Art community stands proud
April 1, 2018 marked our first year anniversary for Milton’s first-ever Art Center and Gallery. The Milton Artists’ Guild opened its doors last year to be welcomed by many visitors. It has been a MAGnigicent year, our workshops and the gallery increasingly an important focal point for fostering a greater sense of community spirit with the Town of Milton and beyond.
We extend a sincere thank you to the residents of Milton and our surrounding communities for the continued and ongoing support.
Thanks to the generosity of Mr. Ernie Pomerleau, we begin another year at the Hannaford Plaza. Our goal will be to enhance the diversity and numbers of workshops being offered
while supporting the over 100 artists currently exhibiting at the gallery. We encourage the communities to stop by to say hello and partake in the MAGic that we offer. Our upcoming engaging events include a big celebration this May 5 where we will celebrate our milestone with the art of food and wine.
Please join us for our journey. We are here for you!
President, Milton Artists’ Guild
Another flag suggestion
Soon the new school board will discuss flying the Black Lives Matter flag at the high school. Flags are important. They carry the identity, ideals and aspirations of their people. They are often born of bloody conflict and heroism. The American flag is like that. People see it as a symbol of freedom, sacrifice and strength. It has meant freedom from oppression and aid in disaster. The American flag symbolizes everything that is right and good about our people. We have a long way to go, but the flag is a symbol of our commitment to reach our ideals.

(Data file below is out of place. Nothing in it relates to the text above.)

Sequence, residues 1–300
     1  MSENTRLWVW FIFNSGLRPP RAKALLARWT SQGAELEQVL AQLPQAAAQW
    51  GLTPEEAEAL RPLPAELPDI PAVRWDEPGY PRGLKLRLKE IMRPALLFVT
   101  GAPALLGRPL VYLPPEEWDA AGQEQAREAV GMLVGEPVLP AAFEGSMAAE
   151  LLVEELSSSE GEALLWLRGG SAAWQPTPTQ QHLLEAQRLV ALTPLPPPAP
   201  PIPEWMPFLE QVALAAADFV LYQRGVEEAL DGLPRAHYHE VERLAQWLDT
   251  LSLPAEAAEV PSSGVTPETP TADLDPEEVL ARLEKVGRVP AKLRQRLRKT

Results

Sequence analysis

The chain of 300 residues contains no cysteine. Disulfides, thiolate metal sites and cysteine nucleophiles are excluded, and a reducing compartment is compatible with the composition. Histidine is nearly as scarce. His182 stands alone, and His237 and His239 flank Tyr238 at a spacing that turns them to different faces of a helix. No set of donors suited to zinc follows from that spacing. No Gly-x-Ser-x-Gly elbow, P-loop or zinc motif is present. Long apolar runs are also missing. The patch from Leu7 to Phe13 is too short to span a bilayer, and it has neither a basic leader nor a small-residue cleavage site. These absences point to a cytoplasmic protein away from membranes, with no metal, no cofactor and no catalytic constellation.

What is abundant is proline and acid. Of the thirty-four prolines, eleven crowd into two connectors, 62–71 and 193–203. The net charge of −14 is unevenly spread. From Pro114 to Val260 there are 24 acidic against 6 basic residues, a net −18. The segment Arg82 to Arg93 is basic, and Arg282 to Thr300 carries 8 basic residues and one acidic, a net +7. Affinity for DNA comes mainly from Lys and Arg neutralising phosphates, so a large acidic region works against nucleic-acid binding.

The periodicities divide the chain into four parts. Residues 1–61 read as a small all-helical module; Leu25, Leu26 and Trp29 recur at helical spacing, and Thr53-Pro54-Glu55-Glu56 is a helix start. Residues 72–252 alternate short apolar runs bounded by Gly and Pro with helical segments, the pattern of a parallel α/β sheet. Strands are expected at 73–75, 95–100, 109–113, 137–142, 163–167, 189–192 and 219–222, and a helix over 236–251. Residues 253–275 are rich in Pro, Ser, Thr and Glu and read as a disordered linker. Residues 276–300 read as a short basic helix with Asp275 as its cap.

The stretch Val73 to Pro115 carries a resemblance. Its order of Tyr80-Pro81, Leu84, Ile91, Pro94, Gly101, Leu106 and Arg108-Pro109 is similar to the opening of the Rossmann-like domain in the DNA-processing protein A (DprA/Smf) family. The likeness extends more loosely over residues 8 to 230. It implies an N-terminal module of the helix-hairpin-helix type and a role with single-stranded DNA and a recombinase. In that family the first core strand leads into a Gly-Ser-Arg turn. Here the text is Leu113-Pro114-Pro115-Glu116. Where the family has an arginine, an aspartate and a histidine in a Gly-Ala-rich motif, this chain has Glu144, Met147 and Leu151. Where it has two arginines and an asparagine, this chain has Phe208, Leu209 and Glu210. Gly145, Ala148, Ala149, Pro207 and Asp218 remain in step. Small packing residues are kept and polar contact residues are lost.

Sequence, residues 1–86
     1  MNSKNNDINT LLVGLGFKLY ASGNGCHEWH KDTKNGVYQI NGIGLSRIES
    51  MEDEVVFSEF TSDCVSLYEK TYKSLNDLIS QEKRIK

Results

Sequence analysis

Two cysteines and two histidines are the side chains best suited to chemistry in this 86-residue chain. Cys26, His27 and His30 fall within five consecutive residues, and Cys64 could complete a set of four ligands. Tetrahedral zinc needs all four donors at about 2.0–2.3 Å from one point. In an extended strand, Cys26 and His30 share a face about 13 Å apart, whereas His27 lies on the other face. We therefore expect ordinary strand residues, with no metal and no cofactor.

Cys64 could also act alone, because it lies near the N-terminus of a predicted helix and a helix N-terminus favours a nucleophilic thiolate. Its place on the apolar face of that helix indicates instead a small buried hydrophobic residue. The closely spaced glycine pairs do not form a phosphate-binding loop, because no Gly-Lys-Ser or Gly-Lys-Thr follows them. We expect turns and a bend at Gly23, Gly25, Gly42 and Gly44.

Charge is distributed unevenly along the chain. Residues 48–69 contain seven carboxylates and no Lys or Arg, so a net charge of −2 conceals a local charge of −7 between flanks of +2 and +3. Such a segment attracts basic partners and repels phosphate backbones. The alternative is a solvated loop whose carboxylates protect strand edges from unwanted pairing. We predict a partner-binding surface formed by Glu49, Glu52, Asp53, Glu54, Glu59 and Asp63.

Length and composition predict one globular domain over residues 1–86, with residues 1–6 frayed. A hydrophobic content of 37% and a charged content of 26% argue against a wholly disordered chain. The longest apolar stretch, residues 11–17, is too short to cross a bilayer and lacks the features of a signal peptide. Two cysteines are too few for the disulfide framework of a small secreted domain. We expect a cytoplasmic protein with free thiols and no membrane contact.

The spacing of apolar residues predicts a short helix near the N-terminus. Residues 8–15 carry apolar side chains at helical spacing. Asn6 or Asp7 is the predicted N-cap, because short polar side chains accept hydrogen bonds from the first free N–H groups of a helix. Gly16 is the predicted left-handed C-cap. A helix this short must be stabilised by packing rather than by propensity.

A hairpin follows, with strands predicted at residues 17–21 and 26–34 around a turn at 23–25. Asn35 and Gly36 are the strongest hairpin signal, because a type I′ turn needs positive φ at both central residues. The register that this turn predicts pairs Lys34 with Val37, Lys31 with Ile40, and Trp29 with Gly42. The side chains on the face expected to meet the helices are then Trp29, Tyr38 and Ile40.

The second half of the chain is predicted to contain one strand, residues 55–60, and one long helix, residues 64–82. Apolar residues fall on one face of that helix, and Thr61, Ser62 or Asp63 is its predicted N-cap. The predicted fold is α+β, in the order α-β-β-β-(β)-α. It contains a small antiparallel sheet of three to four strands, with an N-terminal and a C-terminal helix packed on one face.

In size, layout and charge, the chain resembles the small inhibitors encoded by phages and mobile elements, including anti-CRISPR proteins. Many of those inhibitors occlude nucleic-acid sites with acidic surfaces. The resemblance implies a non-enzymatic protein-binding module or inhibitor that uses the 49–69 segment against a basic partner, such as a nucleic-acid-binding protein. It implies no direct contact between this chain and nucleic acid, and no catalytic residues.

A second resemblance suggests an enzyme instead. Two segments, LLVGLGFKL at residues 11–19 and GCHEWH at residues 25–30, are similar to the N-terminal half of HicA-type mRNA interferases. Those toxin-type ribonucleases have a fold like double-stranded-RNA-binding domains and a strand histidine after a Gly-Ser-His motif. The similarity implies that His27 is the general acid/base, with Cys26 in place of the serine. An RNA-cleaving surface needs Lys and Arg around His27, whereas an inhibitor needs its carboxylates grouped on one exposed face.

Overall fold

The Black Lives Matter flag has much in common with the American flag. It was born of conflict. It represents important ideals, but Black Lives Matter is a divisive group. It deliberately divides the Black community from the police that serve them. They promote the idea that most police officers are oppressors and racist. They don’t consider how many Black lives the police save every year. Black Lives Matter has a dark side.
There is an alternative to the Black Lives Matter flag. The Pan-African Flag is a much more positive and historic flag. It has three equal horizontal bands of (from top down) red, black and green. It was designed in 1920 by Marcus Garvey, the founder of the Universal Negro Improvement Association. UNIA defined the flag this way, “Red is the color of the blood which men must shed for their redemption and liberty; black is the color of the noble and distinguished race to which we belong; green is the color of the luxuriant vegetation of our Motherland.” This flag has been prominent in the civil rights movement for nearly 100 years. It has even influenced flags of several African nations. The function of a flag, as Garvey saw it, was to capture the essence of the history and culture of a people and serve as a unifying symbol of their aspirations.
Jim Ballard (Letters to the Editor, March 15) is concerned that flying such flags would set a precedent opening the door for demands of less positive groups. The school board should only allow students to request flags be flown. Students should be required to provide the flag and to make a presentation to the board about the history and symbolism of the flag. They should also select an appropriate week to fly the flag. The fourth week of April for the Earth Day flag or the first week of November for the Marine Corps Flag, for example. I am willing to donate an Army flag, a Marine Corps flag and a Pan-African flag.
Cheers to the Dragons
Beaver and Bobby: Congratulations on your award, and thanks for the many memories.